Special Needs Trusts The Very Basics: Part I: What Is a Special Needs Trust?

A Special Needs Trust, or SNT, is a type of trust established for the benefit of a person with a physical or intellectual disability.  A trust itself is simply a contract between the Grantor (who makes the trust) and the Trustee (the one designated to administer the trust).  Once funded, SNT assets will be dedicated in a specific manner to provide for the disabled beneficiary.

One fundamental goal of a SNT is to protect and preserve public benefits which the beneficiary receives or may receive in the future.  SNTs accomplish this objective by best ensuring that trust assets should not be considered “available resources” in determining a disabled person’s eligibility for needs based benefits.  

SNTs will be either First Party, Third Party, or Pooled trusts.  First Party SNTs hold assets of the disabled beneficiary which are transferred to the trust.  The beneficiary, parent, grandparent, legal guardian or court can establish a First Party SNT.  The beneficiary must be below age 65 and disabled when the trust is created.  First Party SNTs are irrevocable and the terms cannot be changed.  First Party SNTs sometimes are referred to as “Self-Settled”, “Medicaid Payback”, or “(d)(4)(A)” trusts.  Importantly, First Party SNTs must include a medical payback provision requiring that proper medical liens and costs are paid back from the estate of the beneficiary following the death of the beneficiary.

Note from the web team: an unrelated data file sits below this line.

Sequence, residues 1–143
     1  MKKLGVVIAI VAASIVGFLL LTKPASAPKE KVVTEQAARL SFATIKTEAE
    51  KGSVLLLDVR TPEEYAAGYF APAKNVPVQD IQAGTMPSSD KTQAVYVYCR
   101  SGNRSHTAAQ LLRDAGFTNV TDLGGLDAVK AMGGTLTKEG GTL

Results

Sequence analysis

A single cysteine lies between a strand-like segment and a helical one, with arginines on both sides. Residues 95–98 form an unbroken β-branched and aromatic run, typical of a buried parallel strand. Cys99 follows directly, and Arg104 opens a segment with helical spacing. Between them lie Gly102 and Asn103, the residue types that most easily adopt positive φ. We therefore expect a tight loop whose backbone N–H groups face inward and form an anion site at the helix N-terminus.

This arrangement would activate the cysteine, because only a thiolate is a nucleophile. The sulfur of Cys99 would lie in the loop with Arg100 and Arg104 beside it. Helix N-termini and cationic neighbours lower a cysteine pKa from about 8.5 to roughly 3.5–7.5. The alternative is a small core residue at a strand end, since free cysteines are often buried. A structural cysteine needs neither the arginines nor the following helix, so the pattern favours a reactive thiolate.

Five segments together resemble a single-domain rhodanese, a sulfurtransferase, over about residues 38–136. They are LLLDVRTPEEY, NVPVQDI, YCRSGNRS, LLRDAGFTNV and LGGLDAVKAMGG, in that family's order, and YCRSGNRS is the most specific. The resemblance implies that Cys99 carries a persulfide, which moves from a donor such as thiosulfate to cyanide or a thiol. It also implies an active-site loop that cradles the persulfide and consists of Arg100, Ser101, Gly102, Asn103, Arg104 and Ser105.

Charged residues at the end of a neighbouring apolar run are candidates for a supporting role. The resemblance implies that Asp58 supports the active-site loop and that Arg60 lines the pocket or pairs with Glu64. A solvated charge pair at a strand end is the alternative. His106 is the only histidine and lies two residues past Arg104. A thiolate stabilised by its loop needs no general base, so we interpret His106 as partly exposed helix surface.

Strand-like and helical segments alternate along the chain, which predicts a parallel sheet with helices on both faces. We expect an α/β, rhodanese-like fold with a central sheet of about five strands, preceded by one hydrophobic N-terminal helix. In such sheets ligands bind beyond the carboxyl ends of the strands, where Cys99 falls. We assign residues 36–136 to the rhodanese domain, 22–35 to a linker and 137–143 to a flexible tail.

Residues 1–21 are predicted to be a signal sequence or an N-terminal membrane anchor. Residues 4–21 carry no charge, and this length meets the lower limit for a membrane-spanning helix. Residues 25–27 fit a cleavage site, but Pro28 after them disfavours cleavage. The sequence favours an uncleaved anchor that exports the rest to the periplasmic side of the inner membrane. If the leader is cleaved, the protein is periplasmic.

Third Party SNTs, most commonly referred to as Supplemental Needs Trusts, are established by someone other than the disabled beneficiary utilizing assets belonging to third parties (not assets owned or controlled by the beneficiary).  Supplemental Needs Trusts may be revocable or irrevocable.  Typically, Supplemental Needs Trusts are revocable until the death of the Grantor(s), then becoming irrevocable.

The assets in a Supplemental Needs Trust do exactly as the name suggests: they supplement or are beyond the government benefit programs.  If established properly, Supplemental Needs Trusts have no payback obligations.  Assets remaining in the trust after the beneficiary passes can be distributed according to the terms of the Supplemental Needs Trust.  Because there is no medical payback, Social Security carefully scrutinizes Supplemental Needs Trusts to determine whether the beneficiary in any manner funded or controlled the assets in a Supplemental Needs Trust.

Pooled trusts and other aspects of SNTs will be addressed in additional articles relating to Special Needs Planning.  For assistance with these Special Needs Planning issues, contact Michael Geiger at Geiger Law.

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